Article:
Their shows are nothing if not flamboyant. Bright costumes and creative choreography are standard fare. Tapping their talent and rich surroundings, Ballet Hispanico often uses respected artisans in the performing arts arena to design sets, costumes and choreography.

Under the guidance of founder Tina Ramirez, the company has grown both in size and respect. She stresses diversity in style, with a Spanish accent. Thus unbounded by style, the works become more bold and alive. This freedom gives the company room to be very expressive, which can be seen in the material they perform.

Their Houston show will consist of four works: two recent ones, <I>Farewell<P> and <I>Two By An Error<P>, and two of their showcase pieces, <I>Stages<P> and <I>El Nuevo Mundo<P>.

The show opener, <I>Stages<P>, is a well-developed piece that follows the growth of a dancer's life from the rigors and fun of dance class through rehearsing and ultimately the decisions of life. Broadway choreographer Graciela Danielle wrote the work as a tribute to Ramirez, who incidentaly makes a cameo.

The next two pieces have a more serious tone. <I>Farewell<P> deals with the delicacy of relationships. The company has just added this work to their repertoire, and it should enjoy a very fresh performance.

Forbidden love is always a good subject for dance. <I>Two By An Error<P>, loosely based on Eduardo Galeano's <I>Las Caras Y Las Mascaras<P>, is an emotional and strong piece.

Everyone loves a good tale and Ballet Hispanico will round out the evening with a modern telling of Christopher Columbus' epic voyage in <I>El Nuevo Mundo<P>. How modern is it? Columbus is a New York city youth finding life, liberty and differing cultures in his 'new world.'

Be sure to look at how the dance styles interact with the music. Ballet Hispanico is probably one of the more visually challenging companies to watch.

Performances are Friday and Saturday in Wortham Center's Cullen Auditorium. Tickets cost $18—$26. Hey kids, student-priced tickets are available starting at noon on the day of the performance. Call 227-ARTS for tickets and ticket info.






by shane patrick boyle

Daily Cougar Staff

Love conquers all. Even in the age of AIDS.

That's the message of Paul Rudnick's <I>Jeffrey<P>, currently in its last weekend at Stages Repertory Theatre.

Despite the AIDS-related theme, <I>Jeffrey<P> is a very positive, upbeat and funny play.

The first act focuses on the title character's awkward situation. Jeffrey (Joe Kirkendall) loves sex (although he choses not to classify himself as "promiscuous," preferring to think of himself as "cheap"), but he is both frustrated with safe sex and afraid of AIDS.

"Sex wasn't meant to be safe, or negotiated or fatal," he says.

He makes a decision to give up sex, even though his friends Sterling (Paul Hope), a nelly, fashion-conscious interior decorator and Darius (Adrian Walter), an actor and dancer who is HIV positive, recommend that he find a monogamous relationship.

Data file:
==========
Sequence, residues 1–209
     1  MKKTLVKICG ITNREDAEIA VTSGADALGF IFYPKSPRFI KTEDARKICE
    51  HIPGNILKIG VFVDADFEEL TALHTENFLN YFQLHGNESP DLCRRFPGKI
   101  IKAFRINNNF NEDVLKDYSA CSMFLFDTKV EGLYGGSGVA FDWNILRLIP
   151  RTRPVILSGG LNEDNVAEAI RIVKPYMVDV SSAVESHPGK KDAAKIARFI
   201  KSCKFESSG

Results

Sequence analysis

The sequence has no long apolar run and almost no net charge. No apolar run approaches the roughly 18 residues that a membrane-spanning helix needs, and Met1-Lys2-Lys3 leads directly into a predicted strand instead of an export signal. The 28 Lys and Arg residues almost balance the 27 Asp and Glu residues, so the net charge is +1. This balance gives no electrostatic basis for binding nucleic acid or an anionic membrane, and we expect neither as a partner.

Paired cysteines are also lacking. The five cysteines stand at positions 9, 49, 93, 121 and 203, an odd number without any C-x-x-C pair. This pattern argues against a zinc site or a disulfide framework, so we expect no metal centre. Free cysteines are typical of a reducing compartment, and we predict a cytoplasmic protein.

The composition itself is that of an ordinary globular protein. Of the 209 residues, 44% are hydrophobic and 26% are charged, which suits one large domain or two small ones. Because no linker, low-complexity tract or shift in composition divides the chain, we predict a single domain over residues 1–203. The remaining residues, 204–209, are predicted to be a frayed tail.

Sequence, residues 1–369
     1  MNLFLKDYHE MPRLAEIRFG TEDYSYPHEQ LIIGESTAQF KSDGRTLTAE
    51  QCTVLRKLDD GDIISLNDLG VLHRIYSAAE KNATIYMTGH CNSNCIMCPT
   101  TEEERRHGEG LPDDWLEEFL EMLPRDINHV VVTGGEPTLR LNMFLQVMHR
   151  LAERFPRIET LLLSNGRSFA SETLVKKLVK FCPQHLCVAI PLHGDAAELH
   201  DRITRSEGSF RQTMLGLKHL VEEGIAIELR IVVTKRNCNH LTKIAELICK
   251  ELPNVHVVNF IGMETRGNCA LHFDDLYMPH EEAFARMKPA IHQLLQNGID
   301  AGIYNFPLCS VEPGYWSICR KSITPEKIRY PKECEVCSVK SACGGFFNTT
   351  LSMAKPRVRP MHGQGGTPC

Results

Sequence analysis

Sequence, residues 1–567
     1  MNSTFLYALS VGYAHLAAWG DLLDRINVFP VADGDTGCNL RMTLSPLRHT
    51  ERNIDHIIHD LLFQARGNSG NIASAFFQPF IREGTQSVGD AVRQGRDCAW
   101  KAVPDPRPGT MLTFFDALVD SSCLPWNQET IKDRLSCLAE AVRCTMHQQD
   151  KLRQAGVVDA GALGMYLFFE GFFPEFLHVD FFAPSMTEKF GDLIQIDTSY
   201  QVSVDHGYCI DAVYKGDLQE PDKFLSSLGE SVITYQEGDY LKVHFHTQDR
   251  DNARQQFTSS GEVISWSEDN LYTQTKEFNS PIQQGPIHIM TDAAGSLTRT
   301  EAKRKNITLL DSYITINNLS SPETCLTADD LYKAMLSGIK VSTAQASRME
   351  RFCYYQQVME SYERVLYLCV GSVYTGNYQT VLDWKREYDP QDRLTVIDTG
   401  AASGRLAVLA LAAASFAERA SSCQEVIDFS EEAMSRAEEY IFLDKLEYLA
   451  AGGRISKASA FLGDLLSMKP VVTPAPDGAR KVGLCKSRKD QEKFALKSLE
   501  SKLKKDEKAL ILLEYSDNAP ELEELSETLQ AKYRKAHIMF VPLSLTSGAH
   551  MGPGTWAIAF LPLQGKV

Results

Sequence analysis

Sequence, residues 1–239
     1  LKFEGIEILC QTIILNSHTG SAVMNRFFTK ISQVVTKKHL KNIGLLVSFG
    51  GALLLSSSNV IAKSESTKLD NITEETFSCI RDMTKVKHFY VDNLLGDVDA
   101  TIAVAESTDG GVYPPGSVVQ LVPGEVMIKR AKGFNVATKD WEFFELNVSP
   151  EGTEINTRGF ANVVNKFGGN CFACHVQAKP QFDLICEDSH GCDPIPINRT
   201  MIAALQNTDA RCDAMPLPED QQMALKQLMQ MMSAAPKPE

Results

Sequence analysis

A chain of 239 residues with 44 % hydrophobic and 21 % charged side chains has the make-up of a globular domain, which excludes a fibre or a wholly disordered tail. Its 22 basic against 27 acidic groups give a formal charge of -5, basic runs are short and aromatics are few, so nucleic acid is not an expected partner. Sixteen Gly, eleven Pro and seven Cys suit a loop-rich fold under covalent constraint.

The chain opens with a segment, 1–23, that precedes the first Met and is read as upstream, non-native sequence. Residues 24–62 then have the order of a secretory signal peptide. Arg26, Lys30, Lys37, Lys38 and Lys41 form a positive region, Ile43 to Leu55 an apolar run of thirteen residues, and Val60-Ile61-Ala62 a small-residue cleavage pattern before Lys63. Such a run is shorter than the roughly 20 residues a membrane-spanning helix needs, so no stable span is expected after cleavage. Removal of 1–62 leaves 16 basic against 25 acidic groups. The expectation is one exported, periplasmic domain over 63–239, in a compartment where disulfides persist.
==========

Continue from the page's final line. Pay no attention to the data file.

In search of a substitute for sex – something like "Sex Lite" or "I Can't Believe It's Not Sex" – he chooses to start working out instead. But going to the gym to stop thinking about sex turns out to be as practical as getting a job in a bakery to stop thinking about food.

At the gym, he meets Steve (Kent Johnson) and it's lust at first sight, but Jeffrey manages to hold back his hormones. Yet he keeps running into Steve and at one point Darius and Sterling try to set him up with Steve.

Jeffrey almost caves in, but then finds out Steve is only interested in safe sex and he is HIV postive.

The second act deals with Jeffrey trying to come to terms with his emotions for Steve, and the loss of his friends with AIDS.

He feels himself falling in love with Steve, and he faces the loss of close friends with AIDS. He doesn't want to be around when Steve starts suffering, so he tries to deal with his feelings by running away to Wisconsin (a fate Steve refers to as "gay castration").

<I>Jeffrey<P>, is not only about learning to love some with HIV; it is also about living with HIV. Steve and Darius demonstrate that people with HIV still have a lot of living to do or, as Steve puts it, "Sometimes I get tired of being a red ribbon."

Another lesson Jeffrey learns is that in the eyes of bashers, all gays are the same whether they have AIDS or not. This lesson comes at the price of a very painful beating.

However, the play succeeds in being funny even with the serious subject matter. But what do you expect from the author of <I>Sister Act<P>, <I>Addam's Family<P> and <I>Addam's Family Values<P>?

In addition to commentary on sex, AIDS and gay-bashing, Rudnick's play also takes jabs at religion, the media and gay stereotypes.

A pre-operative transvestite and his/her mother, a gay priest, a new age evangelist, a troll, a Marvin Zindler-style newscaster and Mother Theresa are just a few of the colorful characters inhabiting Jeffrey's world.

Jeffrey is the best gay play since Larry Kramer's <I>The Normal Heart<P> and Stages' production of <I>Jeffrey<P> is as flawless as the play. It is directed by Michael Scheman, director of the original production in New York, and Paul Prince, a UH alumnus and veteran of Edward Albee's workshop, serves as his assistant.